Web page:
For static content optimizing for latency is easy and cheap. Just put your files in a CDN such as Amazon CloudFront and you’re done. Low (lower) latency all over the world. Done.
For dynamic content it’s a bit harder. You can set up several data centers (sites) and try to redirect the user to their closest site. But how do you find out what site is the closest one, and how do you redirect the user to the right one?
There are several solutions to this, such as using anycast BGP or source-aware DNS. But they have big drawbacks. DNS based solutions depend on the users resolver to be close to the user and that the ip2location database is correct. BGP-based solutions depend on you having access to BGP (and the staff to make sure it’s done correctly) and have your own PI IPs. There are other drawbacks as well.
Other interesting things you can do with this is to have the browser report back what latency you have to their IP, and you’ll easily get your own network map. One that is more relevant than an ip2location database for this particular use.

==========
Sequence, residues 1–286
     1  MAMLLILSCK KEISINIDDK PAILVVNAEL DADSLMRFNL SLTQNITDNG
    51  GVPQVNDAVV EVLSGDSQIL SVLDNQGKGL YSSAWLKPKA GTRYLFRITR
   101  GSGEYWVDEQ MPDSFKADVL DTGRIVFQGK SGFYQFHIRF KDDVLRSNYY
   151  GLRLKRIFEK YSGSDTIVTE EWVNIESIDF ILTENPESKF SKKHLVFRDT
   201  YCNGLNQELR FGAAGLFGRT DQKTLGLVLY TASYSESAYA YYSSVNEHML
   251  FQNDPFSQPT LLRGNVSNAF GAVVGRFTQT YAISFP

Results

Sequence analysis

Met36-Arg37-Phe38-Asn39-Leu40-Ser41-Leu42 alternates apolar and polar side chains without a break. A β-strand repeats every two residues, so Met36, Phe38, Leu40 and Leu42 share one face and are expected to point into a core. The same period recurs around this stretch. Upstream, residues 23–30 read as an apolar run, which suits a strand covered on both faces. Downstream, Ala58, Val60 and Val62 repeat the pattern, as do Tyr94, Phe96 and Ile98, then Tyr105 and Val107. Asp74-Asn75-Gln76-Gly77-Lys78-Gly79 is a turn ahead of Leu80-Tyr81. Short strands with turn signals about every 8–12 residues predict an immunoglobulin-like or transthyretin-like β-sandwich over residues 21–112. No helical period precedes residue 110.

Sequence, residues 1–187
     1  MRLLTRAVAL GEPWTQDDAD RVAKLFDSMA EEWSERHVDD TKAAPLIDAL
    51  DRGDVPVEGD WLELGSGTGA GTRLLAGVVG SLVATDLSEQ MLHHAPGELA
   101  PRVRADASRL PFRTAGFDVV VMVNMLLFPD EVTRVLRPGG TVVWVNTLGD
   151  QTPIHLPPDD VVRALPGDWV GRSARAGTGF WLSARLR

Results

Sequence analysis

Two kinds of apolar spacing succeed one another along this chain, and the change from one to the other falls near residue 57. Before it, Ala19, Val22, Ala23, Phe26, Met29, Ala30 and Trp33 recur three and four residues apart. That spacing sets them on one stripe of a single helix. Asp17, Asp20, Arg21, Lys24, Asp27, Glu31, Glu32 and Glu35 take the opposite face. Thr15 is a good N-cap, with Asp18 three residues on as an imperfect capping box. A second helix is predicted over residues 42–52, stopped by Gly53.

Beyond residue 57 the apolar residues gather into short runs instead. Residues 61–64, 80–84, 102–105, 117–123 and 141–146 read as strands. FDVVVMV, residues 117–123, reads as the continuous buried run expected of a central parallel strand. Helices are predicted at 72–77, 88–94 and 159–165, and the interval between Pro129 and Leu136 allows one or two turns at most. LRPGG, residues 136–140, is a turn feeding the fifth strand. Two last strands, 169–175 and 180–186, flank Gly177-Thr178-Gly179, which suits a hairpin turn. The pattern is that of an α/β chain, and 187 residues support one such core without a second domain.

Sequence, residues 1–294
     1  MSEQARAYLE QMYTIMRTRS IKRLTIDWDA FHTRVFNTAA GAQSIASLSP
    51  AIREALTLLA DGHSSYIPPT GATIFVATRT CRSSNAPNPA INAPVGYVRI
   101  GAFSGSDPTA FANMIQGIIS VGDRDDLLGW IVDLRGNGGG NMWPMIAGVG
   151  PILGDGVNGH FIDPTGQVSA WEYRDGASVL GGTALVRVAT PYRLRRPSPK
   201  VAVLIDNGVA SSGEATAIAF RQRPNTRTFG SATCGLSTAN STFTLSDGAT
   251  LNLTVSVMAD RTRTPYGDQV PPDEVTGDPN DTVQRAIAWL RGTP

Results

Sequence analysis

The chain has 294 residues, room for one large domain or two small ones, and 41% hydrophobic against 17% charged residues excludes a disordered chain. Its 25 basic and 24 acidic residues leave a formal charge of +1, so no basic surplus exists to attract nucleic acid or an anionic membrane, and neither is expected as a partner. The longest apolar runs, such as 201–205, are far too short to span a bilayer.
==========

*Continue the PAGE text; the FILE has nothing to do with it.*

The drawbacks to this solution are that you may have to check that you can handle users migrating to another site mid-session and that if the user bookmarks the page then the site domain name will be included in that bookmark which you may not want. Still, often this can be the best solution, and if you don’t want to migrate users mid-session then you can limit the use of the redirection to only the front page or the first request in a session.
- Closite at github
- Demo of closite, click “Link back to this page” and you’ll be redirected back and forth (both sites are on the same box, with artificial delay introduced so that you go back and forth)
- Improving Global Application Performance, continued: GSLB with EC2